Hmm. Now this is interesting. Gee is alleging here that "a certain individual or group of individuals" somehow conspired to have the book's release delayed, and they succeeded in doing this? Well, this is all very intriguing! Gee is being coy here. Why not simply say what he thinks, or what he suspects? I'm sure that this is very old, grudge-level sour grapes over the Maxwell Institute fallout. What do you want to be that the "individual" being alluded to is Brian Hauglid? Are Kristian Heal and Morgan Davis the "group of individuals" that Gee has in mind? I'm sure you likely remember the kerfuffle that was raised due to Hauglid's work with the Joseph Smith papers, and how the Mopologists alleged that he was "unqualified" to do the work.John Gee wrote:Almost three and a half years ago, my book An Introduction to the Book of Abraham was announced by Deseret Book. When it was announced a certain individual or group of individuals launched a campaign to have the book suppressed. This delayed the release of the book a number of months (it was over a year from the announcement of the book to its actual release). To forestall something similar happening I have waited to announce my new book, Saving Faith, until it has actually come off the press.
The whole thing is just so tribalistic. Why can't Gee be happy about this publication? Why the rancor, and the whining? I think you likely already know the answer, but for trivia's sake, I think it's worth checking out some of the other stuff Gee says. In his announcement, he links to an old "Sporn Foll Spira" post from 2016, in which he claims that (1) the book "has been announced" and (2) it "has been getting some publicity." Want to guess what he means by that? Well, as to item (1), he's talking about the page for the book on the Deseret Book website. Sure enough, Gee's blog post is dated 2016, and the publication date listed is 2017! LOL! At least the book's lone rating is a 5-star rating. And my, look who wrote the review! Why, it's our old pal, Trevor Holyoak--perhaps best known for his role as Greg Smith's "gopher-boy" thanks to his cyber-stalking of John Dehlin. As for the "publicity," are you guessing that he means "Sic et Non"? If so, you're right! And, it would seem, Dr. Peterson was also "duped" into thinking that the book was on the brink of publication in late 2016.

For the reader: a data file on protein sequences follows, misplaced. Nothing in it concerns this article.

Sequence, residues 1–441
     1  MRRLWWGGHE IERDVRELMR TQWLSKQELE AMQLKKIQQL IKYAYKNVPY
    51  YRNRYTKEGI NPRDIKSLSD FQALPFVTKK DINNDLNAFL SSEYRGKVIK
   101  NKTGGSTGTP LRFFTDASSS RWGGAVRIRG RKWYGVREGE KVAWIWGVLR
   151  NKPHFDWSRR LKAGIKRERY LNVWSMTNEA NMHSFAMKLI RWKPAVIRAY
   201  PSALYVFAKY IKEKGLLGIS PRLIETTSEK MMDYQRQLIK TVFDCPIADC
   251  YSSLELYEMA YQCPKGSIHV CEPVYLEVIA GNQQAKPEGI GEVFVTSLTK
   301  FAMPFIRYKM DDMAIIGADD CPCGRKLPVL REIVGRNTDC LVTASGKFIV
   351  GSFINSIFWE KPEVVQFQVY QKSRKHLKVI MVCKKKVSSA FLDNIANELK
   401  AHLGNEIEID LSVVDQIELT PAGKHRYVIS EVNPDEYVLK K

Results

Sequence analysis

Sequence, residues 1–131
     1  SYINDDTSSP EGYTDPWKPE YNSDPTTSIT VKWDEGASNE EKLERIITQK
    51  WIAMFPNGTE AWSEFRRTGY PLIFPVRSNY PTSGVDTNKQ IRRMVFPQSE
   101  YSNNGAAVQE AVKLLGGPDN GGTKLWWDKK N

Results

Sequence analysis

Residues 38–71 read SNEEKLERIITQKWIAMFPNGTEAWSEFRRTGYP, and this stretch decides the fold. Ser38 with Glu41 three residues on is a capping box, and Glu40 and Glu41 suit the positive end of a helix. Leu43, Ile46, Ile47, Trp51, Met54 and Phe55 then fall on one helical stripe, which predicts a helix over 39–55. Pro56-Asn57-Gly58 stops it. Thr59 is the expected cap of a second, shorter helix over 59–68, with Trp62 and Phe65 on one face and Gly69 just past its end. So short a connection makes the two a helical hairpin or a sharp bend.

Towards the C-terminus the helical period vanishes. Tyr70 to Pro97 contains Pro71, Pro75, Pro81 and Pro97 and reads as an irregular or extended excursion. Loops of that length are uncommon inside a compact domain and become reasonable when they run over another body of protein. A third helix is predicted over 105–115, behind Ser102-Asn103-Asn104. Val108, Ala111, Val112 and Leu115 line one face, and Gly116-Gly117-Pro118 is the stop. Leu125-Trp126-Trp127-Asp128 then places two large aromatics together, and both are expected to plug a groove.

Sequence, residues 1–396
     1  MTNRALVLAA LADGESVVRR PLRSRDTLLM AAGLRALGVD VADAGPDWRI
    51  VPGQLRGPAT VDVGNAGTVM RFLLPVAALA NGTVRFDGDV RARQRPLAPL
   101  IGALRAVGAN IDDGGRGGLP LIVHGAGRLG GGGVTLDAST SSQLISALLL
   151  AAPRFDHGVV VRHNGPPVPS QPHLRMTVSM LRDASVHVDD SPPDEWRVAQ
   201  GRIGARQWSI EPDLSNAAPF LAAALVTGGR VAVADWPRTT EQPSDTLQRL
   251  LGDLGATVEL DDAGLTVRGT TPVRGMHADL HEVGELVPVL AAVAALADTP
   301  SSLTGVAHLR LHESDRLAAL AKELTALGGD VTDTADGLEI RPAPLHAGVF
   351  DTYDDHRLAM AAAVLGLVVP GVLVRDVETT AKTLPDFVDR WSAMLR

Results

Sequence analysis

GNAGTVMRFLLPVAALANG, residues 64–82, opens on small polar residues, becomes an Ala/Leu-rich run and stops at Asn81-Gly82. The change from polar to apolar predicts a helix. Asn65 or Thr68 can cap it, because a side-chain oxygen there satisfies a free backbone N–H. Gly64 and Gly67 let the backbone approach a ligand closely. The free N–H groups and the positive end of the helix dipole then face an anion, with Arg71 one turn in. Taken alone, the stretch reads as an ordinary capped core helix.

So, that would seem to prove that Gee is at least partially right: the book's release was delayed. But was it really thanks to a "campaign," as he alleges? There could certainly be other reasons. What if there were critical errors in the book? What if Gee was making arguments that had the potential to be damaging to members' faith? If there truly *was* a "campaign," then it would seem that the campaigners succeeded, which looks very bad for the Mopologists. Because in order to succeed, they would have had to convince the Powers that Be at Deseret Book to force Gee to do revisions. (And weren't there rumors along these lines a couple of years ago? i.e., that Gee had to go back to the drawing board after major-league goof-ups were discovered in his work? Or am I thinking instead about some "Interpreter" article?) That means, in effect, that one or more of the Brethren were likely involved in forcing Gee to defend whatever was allegedly "flawed" in his book.
I don't know about you, but I'm very curious to learn what all this means. Was there a conspiracy? And if so, what were the conspirators' motivations? Perhaps most importantly, what was it that convinced the folks at Deseret Book to delay publication by (according to Gee) "over a year from the announcement of the book." You have to admit that it's stunning that Deseret would announce it, only to then hold it back for an entire year. Perhaps this had something to do with the conflicts between the Joseph Smith Papers project, and the Mopologists? Maybe someone pointed out to DesBook or the Brethren that Gee's book would crowd the marketplace for Book of Abraham material? Who knows; one can only speculate.
But this *is* one of the more intriguing developments of the year so far--that's for sure!